Does it rain on the Sun? Read to find out!

(Image: NASA's Solar Dynamics Observatory/Scientific Visualization Studio/Tom Bridgman, lead animator)

While rain on Earth is associated with water and precipitation, on the Sun comes as giant clumps of plasma, or supercharged gas, which drizzle down from the star’s atmosphere on to its surface.

It may explain why the sun’s outer atmosphere is so much hotter than the star’s surface.

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This unusual phenomenon is called coronal rain.

The scientists, which published their findings in Astrophysical Journal Letters, shared their first observations of coronal rain in a previously overlooked, much smaller type of magnetic loop on the sun.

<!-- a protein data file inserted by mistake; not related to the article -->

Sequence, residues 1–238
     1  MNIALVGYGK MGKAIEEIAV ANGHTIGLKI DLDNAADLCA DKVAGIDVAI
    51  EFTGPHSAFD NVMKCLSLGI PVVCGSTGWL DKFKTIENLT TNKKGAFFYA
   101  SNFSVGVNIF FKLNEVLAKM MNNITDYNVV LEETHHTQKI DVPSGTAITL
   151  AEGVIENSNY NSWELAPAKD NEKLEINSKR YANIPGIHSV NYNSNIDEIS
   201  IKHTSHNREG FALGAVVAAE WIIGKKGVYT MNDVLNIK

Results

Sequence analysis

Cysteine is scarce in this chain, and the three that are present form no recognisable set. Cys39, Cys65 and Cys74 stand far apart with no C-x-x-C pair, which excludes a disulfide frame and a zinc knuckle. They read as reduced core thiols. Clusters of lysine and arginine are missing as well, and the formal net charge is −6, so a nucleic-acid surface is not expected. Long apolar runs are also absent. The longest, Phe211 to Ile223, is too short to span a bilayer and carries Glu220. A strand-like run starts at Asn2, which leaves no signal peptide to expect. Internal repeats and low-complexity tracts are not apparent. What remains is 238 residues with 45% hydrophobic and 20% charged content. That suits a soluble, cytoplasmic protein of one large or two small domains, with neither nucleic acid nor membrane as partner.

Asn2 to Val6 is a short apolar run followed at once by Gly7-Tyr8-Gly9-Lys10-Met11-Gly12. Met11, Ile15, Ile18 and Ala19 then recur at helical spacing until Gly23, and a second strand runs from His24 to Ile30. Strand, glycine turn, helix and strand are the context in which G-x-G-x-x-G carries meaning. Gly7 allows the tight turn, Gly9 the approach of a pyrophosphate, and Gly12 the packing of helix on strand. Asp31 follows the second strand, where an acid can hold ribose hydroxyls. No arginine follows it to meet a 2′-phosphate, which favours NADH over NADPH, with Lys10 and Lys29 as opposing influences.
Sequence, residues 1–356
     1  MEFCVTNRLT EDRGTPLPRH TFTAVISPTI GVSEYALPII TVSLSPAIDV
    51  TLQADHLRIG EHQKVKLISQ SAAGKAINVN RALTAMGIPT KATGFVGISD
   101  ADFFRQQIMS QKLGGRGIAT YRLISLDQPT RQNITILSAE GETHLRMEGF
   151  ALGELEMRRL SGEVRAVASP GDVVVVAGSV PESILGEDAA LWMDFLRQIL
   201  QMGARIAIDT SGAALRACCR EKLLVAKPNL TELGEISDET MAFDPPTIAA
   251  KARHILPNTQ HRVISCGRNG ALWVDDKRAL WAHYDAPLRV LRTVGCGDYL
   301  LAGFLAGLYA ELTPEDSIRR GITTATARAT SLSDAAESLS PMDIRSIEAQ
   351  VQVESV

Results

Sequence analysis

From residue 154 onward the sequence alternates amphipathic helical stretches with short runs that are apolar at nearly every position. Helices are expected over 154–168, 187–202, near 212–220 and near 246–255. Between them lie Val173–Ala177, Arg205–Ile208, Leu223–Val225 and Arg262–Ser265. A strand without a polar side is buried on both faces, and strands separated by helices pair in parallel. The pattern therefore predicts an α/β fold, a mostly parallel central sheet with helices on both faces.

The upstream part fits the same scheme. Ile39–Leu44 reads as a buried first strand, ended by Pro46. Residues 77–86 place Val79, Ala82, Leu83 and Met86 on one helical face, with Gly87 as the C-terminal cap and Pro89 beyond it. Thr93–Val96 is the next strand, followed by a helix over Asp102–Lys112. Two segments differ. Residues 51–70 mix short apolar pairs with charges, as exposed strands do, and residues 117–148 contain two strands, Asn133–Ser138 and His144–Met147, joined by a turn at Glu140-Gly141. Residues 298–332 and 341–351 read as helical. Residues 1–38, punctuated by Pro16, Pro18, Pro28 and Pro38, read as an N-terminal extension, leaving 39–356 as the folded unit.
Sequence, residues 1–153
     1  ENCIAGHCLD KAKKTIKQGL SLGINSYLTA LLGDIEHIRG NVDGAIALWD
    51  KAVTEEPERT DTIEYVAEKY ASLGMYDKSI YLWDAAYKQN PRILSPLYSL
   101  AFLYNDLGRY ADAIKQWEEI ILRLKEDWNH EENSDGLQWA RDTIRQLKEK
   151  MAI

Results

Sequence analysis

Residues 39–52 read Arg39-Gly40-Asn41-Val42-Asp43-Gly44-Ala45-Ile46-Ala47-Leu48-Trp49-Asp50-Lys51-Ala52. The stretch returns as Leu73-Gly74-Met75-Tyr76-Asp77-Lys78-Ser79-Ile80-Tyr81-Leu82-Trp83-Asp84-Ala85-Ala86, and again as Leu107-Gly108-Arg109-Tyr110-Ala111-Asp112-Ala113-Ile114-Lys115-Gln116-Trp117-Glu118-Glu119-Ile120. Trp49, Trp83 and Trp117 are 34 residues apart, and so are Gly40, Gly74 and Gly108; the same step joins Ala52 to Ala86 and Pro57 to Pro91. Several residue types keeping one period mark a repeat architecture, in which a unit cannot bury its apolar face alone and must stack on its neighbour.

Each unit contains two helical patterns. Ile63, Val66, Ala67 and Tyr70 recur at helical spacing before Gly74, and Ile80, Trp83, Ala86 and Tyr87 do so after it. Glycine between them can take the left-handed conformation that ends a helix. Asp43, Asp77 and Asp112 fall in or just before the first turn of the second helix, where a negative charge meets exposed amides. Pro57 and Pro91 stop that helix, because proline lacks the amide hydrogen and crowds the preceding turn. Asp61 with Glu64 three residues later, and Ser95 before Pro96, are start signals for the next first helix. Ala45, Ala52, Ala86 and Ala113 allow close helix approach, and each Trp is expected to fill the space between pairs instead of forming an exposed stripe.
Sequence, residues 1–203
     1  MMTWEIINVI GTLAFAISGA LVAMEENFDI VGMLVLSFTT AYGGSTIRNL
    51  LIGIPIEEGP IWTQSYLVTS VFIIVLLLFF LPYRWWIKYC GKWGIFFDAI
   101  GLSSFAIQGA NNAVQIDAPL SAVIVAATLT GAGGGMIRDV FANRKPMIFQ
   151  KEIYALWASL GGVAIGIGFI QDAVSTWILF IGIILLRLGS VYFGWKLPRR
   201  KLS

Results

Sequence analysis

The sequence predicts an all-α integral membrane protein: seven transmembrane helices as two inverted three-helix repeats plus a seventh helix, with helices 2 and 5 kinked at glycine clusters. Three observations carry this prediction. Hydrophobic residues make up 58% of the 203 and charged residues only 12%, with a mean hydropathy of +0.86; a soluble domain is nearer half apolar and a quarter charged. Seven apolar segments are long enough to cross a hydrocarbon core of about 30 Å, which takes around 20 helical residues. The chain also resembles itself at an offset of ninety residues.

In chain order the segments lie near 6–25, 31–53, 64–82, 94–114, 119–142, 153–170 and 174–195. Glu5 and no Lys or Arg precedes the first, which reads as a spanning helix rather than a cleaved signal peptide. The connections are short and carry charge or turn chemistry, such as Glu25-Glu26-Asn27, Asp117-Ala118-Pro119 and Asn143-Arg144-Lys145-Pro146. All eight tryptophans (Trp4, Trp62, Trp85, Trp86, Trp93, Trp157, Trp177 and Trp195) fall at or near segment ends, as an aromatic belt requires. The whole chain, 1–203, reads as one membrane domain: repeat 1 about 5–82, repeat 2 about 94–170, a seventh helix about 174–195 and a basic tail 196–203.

How does the plasma rain form? 

The process is similar to that on Earth. On our planet, the water cycle begins when liquid water from the oceans, lakes and streams evaporates due to the sun’s heat and rises into the atmosphere. The cooler air above causes the water vapor to condense into clouds, which eventually get heavy enough to be dragged down by gravity and fall as rain.

In the Sun’s case, the electrically-charged plasma follows the magnetic loops emerging from the hot star’s surface, similar to a rollercoaster on tracks.

As it gets close to the endpoints, where the loop meets the Sun’s surface, the thousand-degree gas gets superheated to over 1.8 million degrees Fahrenheit. This causes the plasma to expand and gather at the top of the loop.

As it moves away from the sun’s intense heat, the gas cools, condenses, and helped by the Sun’s gravity, falls along the loop’s sides as coronal rain!

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